Health Tech Is Successful in Developing Countries

There are more cell phones on the planet than there are toilets or toothbrushes. Most of the global population now has access to a mobile phone and a mobile signal. Although existing technology available today is far from a remedy for solving modern problems, there has never before been more potential for building personal connections and using new technologies in purposeful ways. Many would agree that technology is increasing the quality of life for many peolpe.

In countries where access to health care is difficult and infrastructure is poor, "mHealth" can play an important role in bridging the divide between the developed and developing world.

With the help of the ubiquitous mobile phone, diseases are now easier to diagnose and track, information can be disseminated quicker and reach more people, and online health education is more readily available to citizens in developing nations that are traditionally underserved.

Anesthesiologist with cellphone nearby
Pascal Deloche / Getty Images

Receiving Health Text Messages Worldwide

For the developing world, digital communication as a mechanism for health information can provide many benefits.

Short Message Services (SMS) are now being widely used to educate people and provide them with health information on best practices. For example, across Africa, text messages are sent to cell phone users regarding prevention and education about HIV/AIDS, and in India, women receive SMS text reminders to conduct breast self-examinations.

Researchers from the University of Oxford in the United Kingdom recently conducted a systematic study of mobile phone use during an illness in rural China and India. The findings suggest that, generally, mobile phone use is associated with better access to health care. However, there were also some negative outcomes, such as higher expenses for unnecessary treatments and more pronounced health marginalization of those without mobile phones.

Technology for Remote Areas

Digital health efforts in the developing world are making health care more accessible to those in remote areas. In areas where there might be no running water or electricity, but there is a mobile signal, examinations and tests can be performed and interpreted with the help of digital technology.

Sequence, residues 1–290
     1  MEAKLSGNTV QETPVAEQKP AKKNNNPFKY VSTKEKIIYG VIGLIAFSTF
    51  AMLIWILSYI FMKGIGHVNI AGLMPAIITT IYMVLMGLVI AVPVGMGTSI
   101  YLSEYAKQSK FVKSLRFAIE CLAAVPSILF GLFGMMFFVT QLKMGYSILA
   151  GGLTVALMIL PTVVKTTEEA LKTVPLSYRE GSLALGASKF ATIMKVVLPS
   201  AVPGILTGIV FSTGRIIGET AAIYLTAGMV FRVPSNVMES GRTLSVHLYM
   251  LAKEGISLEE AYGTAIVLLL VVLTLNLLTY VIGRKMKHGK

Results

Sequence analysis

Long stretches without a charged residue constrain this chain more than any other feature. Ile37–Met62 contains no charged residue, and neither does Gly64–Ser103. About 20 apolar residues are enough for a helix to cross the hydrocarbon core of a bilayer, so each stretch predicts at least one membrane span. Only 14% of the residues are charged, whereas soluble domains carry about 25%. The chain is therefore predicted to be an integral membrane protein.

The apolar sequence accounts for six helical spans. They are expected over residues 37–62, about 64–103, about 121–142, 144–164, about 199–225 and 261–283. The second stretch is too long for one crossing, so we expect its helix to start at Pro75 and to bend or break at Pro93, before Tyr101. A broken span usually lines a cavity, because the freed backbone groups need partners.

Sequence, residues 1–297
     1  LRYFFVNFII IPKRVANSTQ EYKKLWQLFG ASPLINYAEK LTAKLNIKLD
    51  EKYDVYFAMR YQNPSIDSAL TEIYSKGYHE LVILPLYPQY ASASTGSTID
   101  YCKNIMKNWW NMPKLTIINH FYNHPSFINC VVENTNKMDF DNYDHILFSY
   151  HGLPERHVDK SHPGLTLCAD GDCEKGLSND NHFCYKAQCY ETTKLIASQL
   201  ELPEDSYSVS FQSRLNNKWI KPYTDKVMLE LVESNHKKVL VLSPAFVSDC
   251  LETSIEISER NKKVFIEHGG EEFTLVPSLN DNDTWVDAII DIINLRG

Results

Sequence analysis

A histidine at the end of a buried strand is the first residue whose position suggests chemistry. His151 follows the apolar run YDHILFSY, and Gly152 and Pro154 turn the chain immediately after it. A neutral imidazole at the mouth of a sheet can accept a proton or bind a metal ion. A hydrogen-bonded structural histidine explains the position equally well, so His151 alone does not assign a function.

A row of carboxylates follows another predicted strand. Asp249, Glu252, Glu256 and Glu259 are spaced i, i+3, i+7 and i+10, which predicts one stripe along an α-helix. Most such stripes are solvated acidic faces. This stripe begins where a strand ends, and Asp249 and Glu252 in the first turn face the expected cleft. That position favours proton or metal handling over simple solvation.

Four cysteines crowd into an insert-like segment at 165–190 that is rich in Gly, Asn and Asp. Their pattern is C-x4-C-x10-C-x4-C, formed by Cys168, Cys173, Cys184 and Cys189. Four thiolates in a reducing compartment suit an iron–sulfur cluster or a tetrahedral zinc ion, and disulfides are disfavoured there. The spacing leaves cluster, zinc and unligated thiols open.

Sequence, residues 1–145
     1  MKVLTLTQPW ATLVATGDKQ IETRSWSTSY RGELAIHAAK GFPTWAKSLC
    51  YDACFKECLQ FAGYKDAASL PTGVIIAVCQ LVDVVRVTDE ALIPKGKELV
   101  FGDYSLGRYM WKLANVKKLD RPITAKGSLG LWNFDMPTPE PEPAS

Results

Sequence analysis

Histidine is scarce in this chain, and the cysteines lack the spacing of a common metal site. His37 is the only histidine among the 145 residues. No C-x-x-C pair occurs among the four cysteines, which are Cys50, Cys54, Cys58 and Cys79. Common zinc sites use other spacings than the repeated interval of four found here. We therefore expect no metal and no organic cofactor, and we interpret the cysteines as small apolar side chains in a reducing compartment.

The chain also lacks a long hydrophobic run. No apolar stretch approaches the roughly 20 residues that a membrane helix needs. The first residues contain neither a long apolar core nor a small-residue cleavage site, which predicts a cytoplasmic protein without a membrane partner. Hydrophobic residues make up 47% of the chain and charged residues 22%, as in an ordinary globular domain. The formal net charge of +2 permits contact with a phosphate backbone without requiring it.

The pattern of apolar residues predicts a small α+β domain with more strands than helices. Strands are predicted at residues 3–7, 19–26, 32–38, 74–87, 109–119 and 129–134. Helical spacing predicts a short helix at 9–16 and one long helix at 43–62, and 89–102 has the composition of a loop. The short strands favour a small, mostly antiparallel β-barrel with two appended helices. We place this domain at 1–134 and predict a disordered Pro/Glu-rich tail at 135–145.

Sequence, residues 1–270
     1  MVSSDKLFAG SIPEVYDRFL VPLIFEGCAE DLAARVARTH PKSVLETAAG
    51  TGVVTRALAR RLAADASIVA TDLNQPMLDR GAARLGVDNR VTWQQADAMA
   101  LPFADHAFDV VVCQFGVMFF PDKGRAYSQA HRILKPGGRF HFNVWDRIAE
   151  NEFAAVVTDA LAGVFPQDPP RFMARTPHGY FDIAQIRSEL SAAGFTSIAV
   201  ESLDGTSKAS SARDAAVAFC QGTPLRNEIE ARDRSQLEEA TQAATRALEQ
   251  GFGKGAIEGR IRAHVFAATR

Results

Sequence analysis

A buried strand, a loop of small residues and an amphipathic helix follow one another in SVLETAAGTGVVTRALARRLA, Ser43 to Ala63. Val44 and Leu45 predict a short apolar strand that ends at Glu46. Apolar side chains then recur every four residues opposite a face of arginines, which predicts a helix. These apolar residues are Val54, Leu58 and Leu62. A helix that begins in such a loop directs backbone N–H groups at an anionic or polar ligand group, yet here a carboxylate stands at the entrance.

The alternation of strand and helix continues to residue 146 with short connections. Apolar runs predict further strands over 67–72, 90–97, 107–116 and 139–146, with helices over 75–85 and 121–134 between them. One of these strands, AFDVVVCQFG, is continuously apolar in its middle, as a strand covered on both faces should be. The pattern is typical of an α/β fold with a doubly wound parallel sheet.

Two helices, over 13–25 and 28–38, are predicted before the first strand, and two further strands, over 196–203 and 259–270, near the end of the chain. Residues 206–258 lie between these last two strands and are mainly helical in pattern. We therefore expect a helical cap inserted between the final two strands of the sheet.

For example, images of suspicious tissue can be taken with a cell phone and sent to an expert at a local hospital (or abroad) for inspection and treatment opinions. In remote areas of Botswana, cervical cancer diagnoses have been possible by using patients' digital images that were submitted to an expert gynocologist.

Knowledge, too, can travel a lot faster with the help of digital technology and novel ways of communicating. A digital communication platform can easily bring health resources to professionals and patients in developing countries and even increase the chances of survival for some patients.

Studies among health professionals in the developing world also show that training and supervision will be required to fully utilize the potential of mHealth initiatives. More effort can be expected in this domain in the coming years.

Innovations From the Developing World

Not all innovation starts in the West and gets exported to other parts of the world. General Electric's Vscan is a portable ultrasound that can be plugged into a laptop and is a low-cost device that can be used in rural areas. The innovation is available in the United States, signaling a new trend of health innovation coming from developing countries penetrating more developed markets.


Was this page helpful?
Article Sources
Verywell Health uses only high-quality sources, including peer-reviewed studies, to support the facts within our articles. Read our editorial process to learn more about how we fact-check and keep our content accurate, reliable, and trustworthy.
  1. World Health Organization. mHealth: new horizons for health through mobile technologies.

  2. Déglise C, Suggs LS, Odermatt P. Short message service (SMS) applications for disease prevention in developing countriesJ Med Internet Res. 2012;14(1):e3. doi:10.2196/jmir.1823

  3. Haenssgen M, Ariana P. The social implications of technology diffusion: uncovering the unintended consequences of people’s health-related mobile phone use in rural India and China. World Development ,2017;94:286-304.

  4. Quinley KE, Gormley RH, Ratcliffe SJ, et al. Use of mobile telemedicine for cervical cancer screeningJ Telemed Telecare. 2011;17(4):203–209. doi:10.1258/jtt.2011.101008

  5. Combi C, Pozzani G, Pozzi G. Telemedicine for developing countries. A survey and some design issuesAppl Clin Inform. 2016;7(4):1025–1050. doi:10.4338/ACI-2016-06-R-0089

  6. Agarwal S, Perry HB, Long LA, Labrique AB. Evidence on feasibility and effective use of mHealth strategies by frontline health workers in developing countries: systematic reviewTrop Med Int Health. 2015;20(8):1003–1014. doi:10.1111/tmi.12525

  7. European Society of Radiology (ESR). ESR statement on portable ultrasound devicesInsights Imaging. 2019;10(1):89. doi:10.1186/s13244-019-0775-x